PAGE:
She couldn't believe she'd actually told him that, and she ducked her head in embarrassment.
"Kate," he said gently and squeezed the hand still wrapped around his own in his pocket.
She lifted her chin and looked at him. There was a small wrinkle in his forehead that always showed up when he was being particularly earnest. His eyes were clear and aquamarine and focused completely on her. And though he wasn't smiling, he still looked joyful.
"You're right, it is a pretty day," his voice was soft and he brought his free hand to her chin, steadying her and stroking his thumb across her jawbone. "But you're the one who's beautiful."
She felt her eyebrows furrow in surprise and he suddenly dropped his hand from her face, though the other stayed tight around hers in his pocket.
"I didn't mean to make you uncomfortable, I'm sorry," he said, looking chagrined. "It's just the way the sunlight catches your hair and your eyes. You really are beautiful."
"It's okay, Castle," she said, gripping his hand a little more tightly. "I...thank you. You're sweet."
He smiled his adorable half-smile then, and bumped her shoulder with his own.
"Well, now that we've established that you're beautiful and I'm sweet, shall we continue on our quest for coffee and pie?"
"Yes," she declared. "We shall."
With a gentle tug, she steered them in the right direction, and before long they stood in front of a small café with a name she doubted Castle would be able to pronounce. She had found it early on in her career at the 12th, and she considered it one of New York's best-kept secrets. It served a variety of Slavic foods, and though it wasn't quite Russian, it was close enough that eating there brought back good memories of Kiev.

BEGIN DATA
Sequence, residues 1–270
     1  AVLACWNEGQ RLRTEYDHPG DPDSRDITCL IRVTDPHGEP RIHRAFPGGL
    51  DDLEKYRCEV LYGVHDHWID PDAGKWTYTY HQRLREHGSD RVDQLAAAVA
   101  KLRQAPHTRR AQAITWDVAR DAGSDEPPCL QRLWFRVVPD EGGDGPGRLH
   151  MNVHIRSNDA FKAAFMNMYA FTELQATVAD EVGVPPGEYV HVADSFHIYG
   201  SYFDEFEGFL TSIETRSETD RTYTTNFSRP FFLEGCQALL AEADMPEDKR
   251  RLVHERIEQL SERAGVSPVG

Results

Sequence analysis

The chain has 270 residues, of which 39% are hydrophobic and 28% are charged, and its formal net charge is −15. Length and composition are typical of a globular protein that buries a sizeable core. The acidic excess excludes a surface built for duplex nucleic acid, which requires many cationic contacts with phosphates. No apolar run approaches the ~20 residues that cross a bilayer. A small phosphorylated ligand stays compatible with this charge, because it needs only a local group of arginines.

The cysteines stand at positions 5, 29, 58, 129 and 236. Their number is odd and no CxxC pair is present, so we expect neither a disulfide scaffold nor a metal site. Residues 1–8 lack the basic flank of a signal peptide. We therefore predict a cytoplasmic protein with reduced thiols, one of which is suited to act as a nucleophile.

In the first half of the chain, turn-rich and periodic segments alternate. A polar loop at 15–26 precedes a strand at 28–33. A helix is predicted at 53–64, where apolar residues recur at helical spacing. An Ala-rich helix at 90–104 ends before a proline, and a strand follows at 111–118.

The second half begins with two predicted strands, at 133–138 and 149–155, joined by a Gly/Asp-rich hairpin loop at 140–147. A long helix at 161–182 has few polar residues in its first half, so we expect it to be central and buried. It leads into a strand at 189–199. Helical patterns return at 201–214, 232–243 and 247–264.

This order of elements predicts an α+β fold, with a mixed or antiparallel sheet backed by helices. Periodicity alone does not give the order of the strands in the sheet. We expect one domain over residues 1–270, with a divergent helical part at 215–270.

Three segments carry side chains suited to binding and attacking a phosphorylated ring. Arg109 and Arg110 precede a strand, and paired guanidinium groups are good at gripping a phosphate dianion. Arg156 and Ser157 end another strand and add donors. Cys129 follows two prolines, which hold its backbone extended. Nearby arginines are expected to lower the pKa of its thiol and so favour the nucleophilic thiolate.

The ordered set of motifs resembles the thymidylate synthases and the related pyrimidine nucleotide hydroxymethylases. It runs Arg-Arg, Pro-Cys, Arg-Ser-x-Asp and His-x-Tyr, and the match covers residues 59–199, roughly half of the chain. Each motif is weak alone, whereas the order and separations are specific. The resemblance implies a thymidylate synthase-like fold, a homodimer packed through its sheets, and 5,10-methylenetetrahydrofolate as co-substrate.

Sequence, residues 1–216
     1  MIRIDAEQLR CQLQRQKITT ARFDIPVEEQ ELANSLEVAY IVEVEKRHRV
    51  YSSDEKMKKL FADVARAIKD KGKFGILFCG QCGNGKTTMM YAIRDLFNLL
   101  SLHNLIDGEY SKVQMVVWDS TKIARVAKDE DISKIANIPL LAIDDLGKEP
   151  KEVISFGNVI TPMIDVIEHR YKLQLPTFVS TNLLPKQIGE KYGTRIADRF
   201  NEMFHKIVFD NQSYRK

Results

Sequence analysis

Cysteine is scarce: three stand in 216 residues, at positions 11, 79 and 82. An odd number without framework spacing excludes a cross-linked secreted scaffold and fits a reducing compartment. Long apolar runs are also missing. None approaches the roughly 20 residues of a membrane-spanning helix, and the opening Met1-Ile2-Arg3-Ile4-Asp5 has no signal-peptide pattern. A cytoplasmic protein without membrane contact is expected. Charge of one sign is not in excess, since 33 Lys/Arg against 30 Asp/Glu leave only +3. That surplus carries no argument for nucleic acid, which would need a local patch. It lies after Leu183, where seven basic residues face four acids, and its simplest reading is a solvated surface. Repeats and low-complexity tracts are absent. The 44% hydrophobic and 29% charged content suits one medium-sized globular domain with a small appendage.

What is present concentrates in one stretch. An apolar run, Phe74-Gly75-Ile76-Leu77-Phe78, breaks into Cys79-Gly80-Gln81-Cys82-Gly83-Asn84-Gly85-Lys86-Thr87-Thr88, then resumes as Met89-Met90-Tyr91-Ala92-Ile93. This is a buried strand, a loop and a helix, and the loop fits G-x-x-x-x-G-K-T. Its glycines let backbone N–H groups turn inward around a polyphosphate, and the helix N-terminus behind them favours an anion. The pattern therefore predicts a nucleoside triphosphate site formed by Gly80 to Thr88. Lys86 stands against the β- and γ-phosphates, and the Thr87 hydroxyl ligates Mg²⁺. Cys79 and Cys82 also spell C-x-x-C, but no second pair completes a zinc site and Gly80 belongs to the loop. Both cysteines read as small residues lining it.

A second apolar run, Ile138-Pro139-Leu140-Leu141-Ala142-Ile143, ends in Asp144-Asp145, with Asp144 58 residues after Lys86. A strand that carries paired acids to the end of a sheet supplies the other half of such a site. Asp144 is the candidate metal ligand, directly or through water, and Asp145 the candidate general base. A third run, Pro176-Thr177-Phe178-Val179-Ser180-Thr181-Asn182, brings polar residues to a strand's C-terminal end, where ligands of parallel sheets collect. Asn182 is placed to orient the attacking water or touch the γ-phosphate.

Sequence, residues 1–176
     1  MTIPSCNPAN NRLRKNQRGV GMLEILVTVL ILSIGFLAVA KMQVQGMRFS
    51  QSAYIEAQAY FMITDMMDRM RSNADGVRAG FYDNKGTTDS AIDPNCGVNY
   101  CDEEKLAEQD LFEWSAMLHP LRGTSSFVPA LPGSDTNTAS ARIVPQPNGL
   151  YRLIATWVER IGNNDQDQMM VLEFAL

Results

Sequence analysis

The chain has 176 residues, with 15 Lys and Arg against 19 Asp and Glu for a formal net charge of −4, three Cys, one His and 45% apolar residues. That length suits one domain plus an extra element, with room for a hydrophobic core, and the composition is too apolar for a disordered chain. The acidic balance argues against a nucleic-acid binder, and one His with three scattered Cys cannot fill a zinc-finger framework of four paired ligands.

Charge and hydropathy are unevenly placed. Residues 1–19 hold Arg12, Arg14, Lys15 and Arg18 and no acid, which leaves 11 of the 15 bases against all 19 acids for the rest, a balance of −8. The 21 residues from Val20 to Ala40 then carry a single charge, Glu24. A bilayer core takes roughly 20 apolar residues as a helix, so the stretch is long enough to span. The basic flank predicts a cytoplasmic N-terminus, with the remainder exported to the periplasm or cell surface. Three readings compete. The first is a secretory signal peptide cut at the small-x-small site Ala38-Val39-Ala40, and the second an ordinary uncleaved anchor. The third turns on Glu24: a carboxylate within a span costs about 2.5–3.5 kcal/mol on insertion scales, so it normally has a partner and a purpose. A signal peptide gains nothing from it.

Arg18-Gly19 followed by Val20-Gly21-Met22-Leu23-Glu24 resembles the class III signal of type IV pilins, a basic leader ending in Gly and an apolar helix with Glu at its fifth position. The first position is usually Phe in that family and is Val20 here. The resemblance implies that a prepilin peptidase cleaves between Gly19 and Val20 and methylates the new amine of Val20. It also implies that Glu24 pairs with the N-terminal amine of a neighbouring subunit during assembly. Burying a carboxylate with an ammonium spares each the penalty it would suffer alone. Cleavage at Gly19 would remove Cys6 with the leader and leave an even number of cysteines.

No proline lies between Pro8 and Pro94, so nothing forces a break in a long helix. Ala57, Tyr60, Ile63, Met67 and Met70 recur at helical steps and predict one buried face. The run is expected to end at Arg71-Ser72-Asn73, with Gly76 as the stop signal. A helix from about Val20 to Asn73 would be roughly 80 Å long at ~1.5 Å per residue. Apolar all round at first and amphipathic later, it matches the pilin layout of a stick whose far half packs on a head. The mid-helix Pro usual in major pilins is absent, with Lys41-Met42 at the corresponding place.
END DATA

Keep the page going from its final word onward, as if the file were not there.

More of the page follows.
They ordered four coffees, two pieces of the chocolate walnut cake for Ryan and Esposito, and two slices of sour cherry pie for the writer and his muse. The girl behind the counter gave them their desserts first while she prepared their drinks, and Beckett insisted that Castle try his pie while it was still warm.
He took a single bite, and the detective watched as he closed his eyes in rapture, clearly savoring the treat.
"Good, isn't it?" she asked with a smile.
"This is amazing," he affirmed, slowly opening his eyes to meet her gaze.
"I'm glad you like it," she said sincerely, taking a bliss-filled bite of her own pie.
"You know, I discovered about a year and a half ago that I really love cherries."
Something about the tone of his voice caught her attention, and she lifted her eyes to see his glinting with something both mischievous and yet completely vulnerable at the same time.
She was about to respond when their order was called and the moment broken. Castle handed Beckett the bag with their desserts and he took the tray of steaming hot coffee.
"Can we come back here for lunch sometime?" he asked. "There are some things on the menu that look really interesting, but I'd prefer to come with someone who knows what's good."
"Sure, that'd be fun," she responded. "Most of it is pretty good, but I can help you steer clear of a few of the items that require, shall we say, a more acquired taste."
He laughed and they exited the café, heading back toward the precinct with their goodies. They had only gone a few paces when Beckett looked at her partner to find a thoughtful expression on his face.
"Penny for your thoughts?"